E-commerce is still an ever-changing landscape. The most common version we’re used to is the type where we already have something to buy in mind, and head straight to the website to buy it.
Most e-commerce giants cater to this.
But what if we started having sites that specifically catered to another type? One that’s similar to the bazaar experience complete with live interactions with merchants, but virtually?
Floop is a Malaysian startup preparing to launch, and it’s catering to the crowd that purchases based on their emotional needs and wants before trying to logically justify their purchase.
Think of those times when you’ve been to a bazaar and seen merchants promoting their products in-person.
It catches your attention and you head towards it to see more, and you might even end up buying it.
This is what Floop is trying to recreate to a certain extent, by creating a site that allows merchants to market their products live online.
“But how is this any different from merchants who are already selling on FB Live?”, you might ask.
We brought this question to Koi Hann Yung (Hann), founder of Floop.
An Improved Alternative To FB Live
“With FB Live, buyers have to go through a very manual, inconvenient journey just to purchase an item,” he replied.
“Without the direct checkout feature that we’re offering on Floop, sellers are potentially losing customers as keen buyers aren’t able to make their purchases instantly.”
Floop is implementing a payment system on their own site that Hann described as being “one so simple even a non-techie will be able to operate”.
However, I can’t help but think that Facebook still offers merchants the advantages of being a free service and allowing easy access to the existing fanbase on their own page.
On Floop, they’d have to pay a small fee for every transaction made (the actual percentage of which is still being decided upon).
As for the other advantage that I thought FB Live had over Floop, Hann clarified:
One major selling point for many of the existing FB Live sellers is the fact that our platform enables them to actually sync their livestreams across multiple social media channels, so they don’t have to give up their current existing buyers on Facebook.Koi Hann Yung, founder of Floop
As a value-added feature, sellers on Floop will also be able to view their sales statistics since the team will compile easy-to-read data reports for them.
Hann and his team have been busy acquiring merchants, and he shared that they now have over 300 of them signed up to be onboarded once Floop launches in Q4 2020 after its pilot testing.
Upon launching, they’ll acquire more through an agent programme within Floop’s site for people who want to earn passive income.
Editor’s Note: Information in the above paragraph has been edited to reflect greater accuracy.
Recreating The Live Shopping Experience To An Extent
From a customer’s POV, Floop enables them to pose concerns and questions and get them answered on the spot during a merchant’s product demo Q&A session.
This is one thing that I’d appreciate as a buyer, as oftentimes I find myself still feeling doubts about making a purchase despite ratings and reviews with pictures.
Sometimes, the pictures don’t even do the products justice.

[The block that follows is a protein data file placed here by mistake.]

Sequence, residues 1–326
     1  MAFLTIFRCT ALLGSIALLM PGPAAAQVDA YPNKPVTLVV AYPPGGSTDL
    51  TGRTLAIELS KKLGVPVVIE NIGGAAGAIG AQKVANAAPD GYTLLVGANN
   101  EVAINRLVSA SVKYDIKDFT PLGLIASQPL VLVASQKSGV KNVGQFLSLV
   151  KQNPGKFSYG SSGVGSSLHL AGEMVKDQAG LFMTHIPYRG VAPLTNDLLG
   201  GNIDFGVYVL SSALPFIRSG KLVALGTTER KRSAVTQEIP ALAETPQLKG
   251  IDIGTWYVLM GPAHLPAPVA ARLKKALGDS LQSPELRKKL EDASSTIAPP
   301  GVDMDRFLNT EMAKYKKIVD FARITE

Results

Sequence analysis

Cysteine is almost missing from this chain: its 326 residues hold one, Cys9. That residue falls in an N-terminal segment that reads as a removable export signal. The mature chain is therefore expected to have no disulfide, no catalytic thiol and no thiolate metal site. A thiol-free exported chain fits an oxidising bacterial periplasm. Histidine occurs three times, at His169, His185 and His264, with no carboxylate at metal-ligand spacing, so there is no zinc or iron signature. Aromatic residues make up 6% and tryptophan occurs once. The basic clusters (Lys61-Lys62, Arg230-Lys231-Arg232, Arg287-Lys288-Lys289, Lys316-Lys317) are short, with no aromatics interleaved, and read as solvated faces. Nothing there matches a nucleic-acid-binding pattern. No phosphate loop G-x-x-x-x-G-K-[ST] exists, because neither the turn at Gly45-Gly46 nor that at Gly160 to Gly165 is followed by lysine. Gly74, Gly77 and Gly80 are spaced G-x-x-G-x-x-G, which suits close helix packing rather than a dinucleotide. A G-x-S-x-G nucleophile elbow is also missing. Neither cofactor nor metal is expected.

I usually end up hunting down the product offline to really get a feel for it before deciding to purchase it (or not).
While Floop’s live e-commerce won’t be able to replicate that experience exactly, seeing the product’s usage being demonstrated by the merchant would be next best thing to me.
“That interaction touches on your emotional needs, and is something we at Floop feel is very much needed in today’s online shopping experience,” Hann described.
Customers can also checkout and make their purchases while the livestream continues playing in the background, and benefit from a loyalty programme by Floop.
“Another strategy we are using is the onboarding of influencers whom sellers can engage to help in the promoting and livestreaming of their products,” Hann said.
“We’ve narrowed it down to these strategies to assist us in forming a community where all parties can profit from—be it seller, buyer, agent, or promoter.”
Starting Small, Dreaming Big
As it’s still in its nascent stages, the only revenue stream Floop will have for now is the transaction fee.
“Other revenue streams we foresee further down the line include ad revenues and commissions, though these will come at a much later date once the community is sufficiently big,” Hann said.
He anticipates that they’ll still need to run some experiments to further determine product market fit, but added, “We are confident that Floop will be the next game changer as we focus a lot on consumer needs and keeping up with the trend by constantly evolving.”
To further add value to the site, he shared intentions of building their own e-wallet system to help facilitate their cashflow.
I assume that it’d be tough to convince customers to adopt yet another e-wallet, but I’d be interested to see Floop pull it off.
“Currently, we are only focused within the Malaysian market, and primarily FMCG and health & beauty goods, followed by other categories,” Hann said, adding that they’d like to expand into greater Southeast Asia in the next 2 years.
Floop isn’t the only app in this space that’s offering livestream shopping, however, as Lazada added such a feature in 2018 and Shopee soon hopped on the trend too.
Nonetheless, it’s only an add-on feature for the two e-commerce giants, and not the core of their business model.
So, perhaps Floop has a better chance of grabbing a slice of the multi-billion revenue that livestream shopping is predicted to generate in 2020.
Featured Image Credit: Koi Hann Yung, founder of Floop